Moore: Talk Derby To Me–My 2018 Picks

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It’s time again. This Saturday features the two most exciting minutes in sports–The 144th renewal of The Kentucky Derby. It’s not the year’s richest race. It’s not the most important. But it is the most prestigious race of the year–the first Jewel of The Triple Crown. 

So why should anyone trust my picks to win a difficult horse race? Well, I guaranteed the winner, on GoLocal Live last year, for starters. (See video below.)

 

Also, in 2011, I bet a healthy sum on Animal Kingdom, ($10 to win, place, and show) who captured the victory at 20-1 odds. I’ve been betting horses in the Kentucky Derby since I was about 10 years old. So I’ve had 2 winners in the last 25 years. Not bad, right?

So without further ado, here’s what I’m thinking about for this year’s race. 

Unlike last year, I cannot make any guarantees. This year’s Derby Field looks talented and deep.

The favorite this year is a handsome, talented, and fast colt named Justify. Despite all those positives, and being trained by Bob Baffert, he is also the least experienced horse to be bet as heavily as he will be. He’s never raced against a contested pace before. He’s also never been up against such a big field either. 

There’s also something called “The Curse of Apollo”. It refers to the fact that no horse that didn’t run as a two year old has won The Kentucky Derby since 1882.

Legendary handicapper Harvey Pack once said “never ask a horse to do something he’s never done before at a short price.” When Harvey talks, I listen. And who am I to go against a 135-year-old curse?

So I’ll pass on Justify this year. 

Instead, I’ll look to Audible to win this year’s Kentucky Derby. I’ve had my eye on Audible since he destroyed the field in the Holy Bull Stakes at Gulfstream Park. He followed that up with an equally impressive victory in The Florida Derby. Last year’s winner, Always Dreaming, won The Fla. Derby before the Kentucky Derby. The year prior, Nyquist won the Florida Derby before winning the Kentucky Derby.

Do you noticed a pattern here?

Audible is not without flaws, however. He doesn’t have much distance in his pedigree, particularly on his dam (mom’s) side. Furthermore, he is ridden by jockey Javier Castellano–an excellent jockey by anyone’s estimation. However, he’s trained by Todd Pletcher–again, one of the best in the game.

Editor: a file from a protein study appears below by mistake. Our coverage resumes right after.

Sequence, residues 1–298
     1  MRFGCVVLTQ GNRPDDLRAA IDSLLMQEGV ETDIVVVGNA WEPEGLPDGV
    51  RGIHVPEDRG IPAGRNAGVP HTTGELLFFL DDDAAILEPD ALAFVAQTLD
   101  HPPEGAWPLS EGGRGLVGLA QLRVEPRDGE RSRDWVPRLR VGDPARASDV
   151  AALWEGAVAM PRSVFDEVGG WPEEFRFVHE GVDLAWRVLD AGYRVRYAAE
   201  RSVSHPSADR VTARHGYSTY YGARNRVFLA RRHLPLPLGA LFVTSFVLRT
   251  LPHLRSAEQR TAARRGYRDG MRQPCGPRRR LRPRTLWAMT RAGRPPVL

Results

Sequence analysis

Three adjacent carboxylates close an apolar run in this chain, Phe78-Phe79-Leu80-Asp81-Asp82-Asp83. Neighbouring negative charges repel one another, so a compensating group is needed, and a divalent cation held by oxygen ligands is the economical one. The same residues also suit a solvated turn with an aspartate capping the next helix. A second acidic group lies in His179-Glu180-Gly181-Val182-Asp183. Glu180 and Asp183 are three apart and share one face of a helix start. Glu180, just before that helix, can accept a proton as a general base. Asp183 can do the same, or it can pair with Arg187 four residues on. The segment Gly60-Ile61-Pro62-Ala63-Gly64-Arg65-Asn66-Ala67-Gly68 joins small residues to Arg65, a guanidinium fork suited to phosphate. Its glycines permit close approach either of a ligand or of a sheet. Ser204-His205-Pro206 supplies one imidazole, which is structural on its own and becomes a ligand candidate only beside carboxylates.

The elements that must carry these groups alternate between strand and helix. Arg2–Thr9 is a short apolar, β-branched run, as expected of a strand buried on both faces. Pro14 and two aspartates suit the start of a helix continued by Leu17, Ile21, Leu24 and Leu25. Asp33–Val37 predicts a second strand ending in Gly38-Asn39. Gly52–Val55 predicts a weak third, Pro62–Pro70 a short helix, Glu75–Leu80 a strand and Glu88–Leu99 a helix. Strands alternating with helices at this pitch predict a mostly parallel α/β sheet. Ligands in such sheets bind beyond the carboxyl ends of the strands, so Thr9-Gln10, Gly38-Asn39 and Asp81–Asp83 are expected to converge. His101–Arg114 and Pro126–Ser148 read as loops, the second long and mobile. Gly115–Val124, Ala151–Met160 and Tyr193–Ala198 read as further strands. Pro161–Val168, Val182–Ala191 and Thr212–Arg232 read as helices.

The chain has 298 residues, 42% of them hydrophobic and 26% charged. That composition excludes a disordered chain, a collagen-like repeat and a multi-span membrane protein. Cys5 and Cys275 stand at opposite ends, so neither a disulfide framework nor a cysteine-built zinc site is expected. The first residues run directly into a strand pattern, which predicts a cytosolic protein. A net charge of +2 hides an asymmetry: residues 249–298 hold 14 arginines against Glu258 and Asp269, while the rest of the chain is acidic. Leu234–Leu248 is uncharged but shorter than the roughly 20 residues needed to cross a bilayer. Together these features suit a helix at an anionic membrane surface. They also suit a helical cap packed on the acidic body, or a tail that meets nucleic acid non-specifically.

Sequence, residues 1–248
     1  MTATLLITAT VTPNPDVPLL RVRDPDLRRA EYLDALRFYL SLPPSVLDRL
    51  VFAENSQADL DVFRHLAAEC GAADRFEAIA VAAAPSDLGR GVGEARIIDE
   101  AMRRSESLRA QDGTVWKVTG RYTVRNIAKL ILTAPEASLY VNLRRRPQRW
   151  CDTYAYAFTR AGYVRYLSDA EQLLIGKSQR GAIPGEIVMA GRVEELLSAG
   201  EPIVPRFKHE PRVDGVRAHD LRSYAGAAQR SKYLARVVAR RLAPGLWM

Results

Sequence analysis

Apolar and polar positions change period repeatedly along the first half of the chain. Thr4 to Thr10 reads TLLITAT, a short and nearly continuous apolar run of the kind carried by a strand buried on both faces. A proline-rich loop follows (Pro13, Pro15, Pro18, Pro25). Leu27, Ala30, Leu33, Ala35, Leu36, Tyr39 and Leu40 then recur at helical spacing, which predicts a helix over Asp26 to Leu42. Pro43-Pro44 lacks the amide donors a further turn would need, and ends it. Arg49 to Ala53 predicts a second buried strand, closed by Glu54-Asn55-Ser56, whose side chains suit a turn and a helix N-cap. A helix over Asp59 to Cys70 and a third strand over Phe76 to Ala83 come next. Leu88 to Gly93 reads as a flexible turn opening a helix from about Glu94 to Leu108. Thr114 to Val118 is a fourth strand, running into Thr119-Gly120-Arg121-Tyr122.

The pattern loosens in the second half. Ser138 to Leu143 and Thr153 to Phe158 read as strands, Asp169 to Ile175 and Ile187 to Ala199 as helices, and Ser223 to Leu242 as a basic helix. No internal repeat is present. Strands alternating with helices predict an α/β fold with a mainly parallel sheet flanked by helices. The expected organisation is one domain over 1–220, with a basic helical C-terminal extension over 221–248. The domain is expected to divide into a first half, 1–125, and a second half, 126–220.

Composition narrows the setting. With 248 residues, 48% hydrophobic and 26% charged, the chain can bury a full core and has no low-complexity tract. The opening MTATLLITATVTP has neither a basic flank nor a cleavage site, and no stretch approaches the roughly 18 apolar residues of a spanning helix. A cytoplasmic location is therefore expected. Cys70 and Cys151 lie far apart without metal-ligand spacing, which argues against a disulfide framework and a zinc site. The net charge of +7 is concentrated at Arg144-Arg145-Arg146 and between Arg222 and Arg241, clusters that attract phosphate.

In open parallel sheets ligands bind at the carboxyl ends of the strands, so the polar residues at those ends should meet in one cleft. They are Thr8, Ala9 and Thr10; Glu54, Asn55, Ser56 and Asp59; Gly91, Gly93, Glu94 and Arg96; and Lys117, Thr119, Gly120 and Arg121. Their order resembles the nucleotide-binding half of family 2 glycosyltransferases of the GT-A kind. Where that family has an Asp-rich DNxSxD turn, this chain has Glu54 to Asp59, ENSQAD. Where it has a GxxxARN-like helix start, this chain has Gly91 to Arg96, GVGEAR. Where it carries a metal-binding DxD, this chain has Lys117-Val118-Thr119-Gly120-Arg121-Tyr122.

So what’s the problem? Well, normally, John Velazquez gets to pick which of Pletcher’s horses he wants to ride. (That’s called “first call.”) Velazquez, however, is riding Vino Rosso, the winner of The Wood Memorial. That might suggest the jockey thinks Vino Rosso is the faster horse. 

To that end, I will be also wagering on Vino Rosso as well. 

Let’s not forget Bolt D’Oro. This horse was all the rage last year during his 2-year-old campaign. He got a terrible break in the Breeder’s Cup Juvenile, allowing Good Magic to capture the race instead of him. 

This year, he has had some tough racing luck, most recently in the Santa Anita Derby where Justify was allowed to have the lead all to himself, and therefore extra energy at the end of the race. 

Don’t expect that same scenario in The Kentucky Derby. A more honest, contested pace could allow Bolt to turn the tables on Justify and capture the race. So I’ll be using Bolt in my bets as well. 

And then there’s My Boy Jack. A closer, which means he comes from way back, he most recently won The Lexington Stakes at Keeneland. This horse is the model of consistency. He’s been in the money in 8 of his last 9 races. He’ll be huge odds, but I have a feeling he’ll be coming late. (It also doesn’t hurt that my late grandfather, who also doubled as my best friend for the first 30 years of my life, who introduced me to horse racing, was named “Jack”.) 

So to recap, I like Audible to win the race. But I’ll be backing up my bet with insurance bets on Vino Rosso, Bolt D’Oro, and My Boy Jack. 

Best of luck to everyone. And to quote Harvey Pack “may the horse be with you!” 

Post, horse, trainer, jockey, odds 

1. Firenze Fire, Jason Servis, Paco Lopez, 50-1

2. Free Drop Billy, Dale Romans, Robby Albarado, 30-1

3. Promises Fulfilled, Dale Romans, Corey Lanerie, 30-1

4. Flameaway, Mark Casse, Jose Lezcano, 30-1

5. Audible, Todd Pletcher, Javier Castellano, 8-1

6. Good Magic, Chad Brown, Jose Ortiz, 12-1

7. Justify, Bob Baffert, Mike Smith, 3-1

8. Lone Sailor, Tom Amoss, James Graham, 50-1

9. Hofburg, Bill Mott, Irad Ortiz Jr., 20-1

10. My Boy Jack, Keith Desormeaux, Kent Desormeaux, 30-1

11. Bolt d’Oro, Mick Ruis, Victor Espinoza, 8-1

12. Enticed, Kiaran McLaughlin, Junior Alvarado, 30-1

13. Bravazo, D. Wayne Lukas, Luis Contreras, 50-1

14. Mendelssohn, Aidan O’Brien, Ryan Moore, 5-1

15. Instilled Regard, Jerry Hollendorfer, Drayden Van Dyke, 50-1

16. Magnum Moon, Todd Pletcher, Luis Saez, 6-1

17. Solomini, Bob Baffert, Flavien Prat, 30-1

18. Vino Rosso, Todd Pletcher, John Velazquez, 12-1

19. Noble Indy, Todd Pletcher, Florent Geroux, 30-1

20. Combatant, Steve Asmussen, Ricardo Santana Jr., 50-1

Russell Moore
Russell J. Moore is the publisher and founder of rirelevant.com. He’s been writing about Rhode Island since 2005. You should definitely follow him on twitter @russmoore713. If you want to send him email, you can send it to russmoore713@gmail.com
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